Forecasting is tricky. Forecasting during periods of turbulence is especially tricky. In this report, we’ve detailed the trends likely to shape growth in the cloud industry, but much remains uncertain. Our assumptions regarding business changes, technology invention, and geopolitical factors are reasonable, but still subject to wild swings in fortune. Wikibon believes the public cloud business will grow 13.2% CAGR through 2027 and that TPC over the same period will grow even faster (albeit off a much smaller base) at 31.6% CAGR. However, contingencies certainly will emerge. For example, we assume that HVTAs will migrate to public clouds with great difficulty. However, if AWS and other data-first cloud vendors can introduce really advanced tooling for streamlining database and other traditional technology migrations, that would have a great impact on enterprise cloud strategies.

Without offering detailed market figures, we think three alternative trend and growth scenarios are worth mentioning. They are:

  • The Dull Edge Scenario: Public Cloud Grows Faster. Wikibon believes that the edge will have a major – even dominant – effect on future industry growth. Our expectation is for more intelligent devices generating more data with increasingly powerful inferencing capabilities shaping increasingly real-time automation. However, if the edge doesn’t “sharpen,” it won’t generate significant need for TPC options. This could happen if, for example, operational technology (OT, currently the function responsible for SCADA-oriented edge systems) and IT can’t unify regarding edge needs, AI ethical concerns limit deployment of complex automation, volume-oriented devices and management software can’t accommodate edge security requirements, or edge management systems capable of handling real-time requirements don’t mature. Under this scenario, public cloud growth accelerates and TPC growth slows. The surest marker that this scenario will emerge is continued tension between OT and IT.
  • Data-in-Place Scenario: TPC Grows Faster. Presuming the edge sharpens, this scenario presumes an acceleration of the cloud model moving to the data. At its core is the observation in many of today’s cloud vendor business models, the presumption is that customers will move data into public cloud resources, and then employ cloud-based services on that data. This “data under management” approach is favored by AWS, Google, and Alibaba and the big SaaS players, including Salesforce. However, our research suggests that large enterprises, in part bolstered by conservative HVTA strategies, will pursue hybrid cloud strategies that increasingly favor cloud vendors that offer high-value cloud services to most data locations. Serverless computing, for example, provides this capability. For this scenario to emerge, multicloud management, multicloud integration, and multicloud data protection all will require significant new invention, essentially closing the cloud operating model gap between public and TPC options. Microsoft, Oracle, and IBM all are pursuing this strategy, bolstered by the commitments of Dell EMC, HPE, and Cisco. The surest markers that this scenario will emerge are the continued rise of serverless computing and advances in multicloud management systems from the TPC players and their allies.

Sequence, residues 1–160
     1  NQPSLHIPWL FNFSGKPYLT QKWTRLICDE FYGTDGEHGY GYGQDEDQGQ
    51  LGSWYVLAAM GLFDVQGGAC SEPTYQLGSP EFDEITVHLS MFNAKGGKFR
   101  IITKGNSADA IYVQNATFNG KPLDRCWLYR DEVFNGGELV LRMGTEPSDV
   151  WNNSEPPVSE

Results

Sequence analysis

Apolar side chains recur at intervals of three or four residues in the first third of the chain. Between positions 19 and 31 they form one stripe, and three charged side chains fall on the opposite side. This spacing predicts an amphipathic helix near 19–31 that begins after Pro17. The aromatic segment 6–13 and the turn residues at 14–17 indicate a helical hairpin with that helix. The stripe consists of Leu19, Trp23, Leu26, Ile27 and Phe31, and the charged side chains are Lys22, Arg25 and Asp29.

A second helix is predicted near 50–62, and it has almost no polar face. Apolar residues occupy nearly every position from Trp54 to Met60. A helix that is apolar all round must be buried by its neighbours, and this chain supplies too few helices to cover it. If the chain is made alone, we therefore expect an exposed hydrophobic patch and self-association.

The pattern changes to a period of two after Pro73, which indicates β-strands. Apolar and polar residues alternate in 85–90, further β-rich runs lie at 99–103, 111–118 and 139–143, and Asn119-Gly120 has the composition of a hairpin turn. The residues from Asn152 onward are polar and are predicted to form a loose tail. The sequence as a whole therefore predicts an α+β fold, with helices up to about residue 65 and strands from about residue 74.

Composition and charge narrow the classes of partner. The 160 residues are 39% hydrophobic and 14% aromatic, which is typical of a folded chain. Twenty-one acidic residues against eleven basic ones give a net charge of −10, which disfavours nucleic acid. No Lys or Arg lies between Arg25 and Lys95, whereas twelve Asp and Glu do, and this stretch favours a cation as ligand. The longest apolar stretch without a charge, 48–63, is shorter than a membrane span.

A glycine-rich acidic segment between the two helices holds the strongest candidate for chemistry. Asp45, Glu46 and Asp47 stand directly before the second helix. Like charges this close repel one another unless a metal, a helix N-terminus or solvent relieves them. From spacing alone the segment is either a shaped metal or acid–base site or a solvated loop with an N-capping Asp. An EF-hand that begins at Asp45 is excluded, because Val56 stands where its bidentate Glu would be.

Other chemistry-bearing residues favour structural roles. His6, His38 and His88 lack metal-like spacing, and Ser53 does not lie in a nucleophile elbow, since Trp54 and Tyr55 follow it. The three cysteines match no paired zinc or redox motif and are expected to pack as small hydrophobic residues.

• Cloud Inversion Scenario: The Cloud Substitution Slows. Cloud’s benefits are uncontestable, but digital business’s benefits can be questioned on multiple ethical, business model, and geopolitical grounds. For example, communities may reject greater automation, luddite movements may slow AI adoption, or politicians may conflate sovereignty with cloud ownership. While Wikibon is not predicting any of these factors, conversations regarding each of them – and many others – are getting more vociferous; they can’t be completely discounted. Should combinations of these factors come into being, cloud substitution will slow as service inventions are more scrutinized and innovations slower to be adopted. The clearest marker for this scenario is GDPR, which may have started as a sincere effort to enact stricter privacy laws for EU citizens, but could morph into a political tool for undermining the expansion strategies of US-based and China-based cloud companies.

Action Item. At this point, every enterprise should be pursuing a cloud-first IT strategy. However, cloud-first should include bringing cloud capabilities to edge and HVTA systems. Increasingly, multicloud architectures should be predicated on bringing cloud services and innovation to data. CIOs should be establishing pragmatic approaches to building the multicloud operating model capabilities required by their enterprise to succeed in an increasingly digital world.

Book A Briefing

Fill out the form , and our team will be in touch shortly.
Skip to content